Pathfinder: Save or Die

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Last week I used my first 9th level spell against the party. The spell was Wail of the Banshee. It only occurred to me after casting that 200 points of damage was a lot for a 17th level party. Needless to say, I killed everyone except the monk, the ranger and the sorcerer, with the sorcerer being just a couple of hit points away from death. Fortunately the party had enlisted the aid of a planetar angel earlier in the session, and so they were able to resurrect and heal everyone.

I have now officially killed off every party member, including the ranger’s pet. But killing three characters outright and nearly killing another in one go because they failed their Fortitude save felt, well, cheap. Neither I nor my players enjoyed the experience, so it got me thinking about what I could have done differently.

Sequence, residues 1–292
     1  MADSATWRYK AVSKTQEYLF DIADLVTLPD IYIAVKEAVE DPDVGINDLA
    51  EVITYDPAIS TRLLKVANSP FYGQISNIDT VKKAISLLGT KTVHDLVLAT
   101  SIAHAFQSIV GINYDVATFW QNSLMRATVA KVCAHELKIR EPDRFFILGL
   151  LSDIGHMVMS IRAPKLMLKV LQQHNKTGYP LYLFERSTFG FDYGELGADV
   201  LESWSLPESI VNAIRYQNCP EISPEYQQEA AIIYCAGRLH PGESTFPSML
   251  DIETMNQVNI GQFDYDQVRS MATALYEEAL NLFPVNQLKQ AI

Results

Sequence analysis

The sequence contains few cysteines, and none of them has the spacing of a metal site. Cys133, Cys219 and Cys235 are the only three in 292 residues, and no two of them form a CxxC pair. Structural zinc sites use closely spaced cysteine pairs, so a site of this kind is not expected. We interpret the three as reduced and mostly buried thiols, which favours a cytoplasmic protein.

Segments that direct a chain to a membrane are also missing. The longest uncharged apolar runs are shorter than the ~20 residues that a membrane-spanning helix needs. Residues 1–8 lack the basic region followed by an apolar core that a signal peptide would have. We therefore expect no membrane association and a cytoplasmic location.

I could have reduced the damage caused by the spell, reducing those who failed to low hit points. I would still have got my point across, but the PCs wouldn’t have had to waste resources on an encounter that was meant to show the PCs how powerful the boss was. (Yes, they now know that he’s extremely powerful, but three deaths from one spell still seemed excessive.)

Alternatively I could have used a different spell entirely. I don’t really like save or die effects, and I often wish they were clearly marked so I wouldn’t accidentally choose one to use in my game. Often when I read a spell description, I think, ‘that sounds cool and will do lots of damage’, not realising the impact it will have if several characters fail their saves. I think this is something that will come with experience.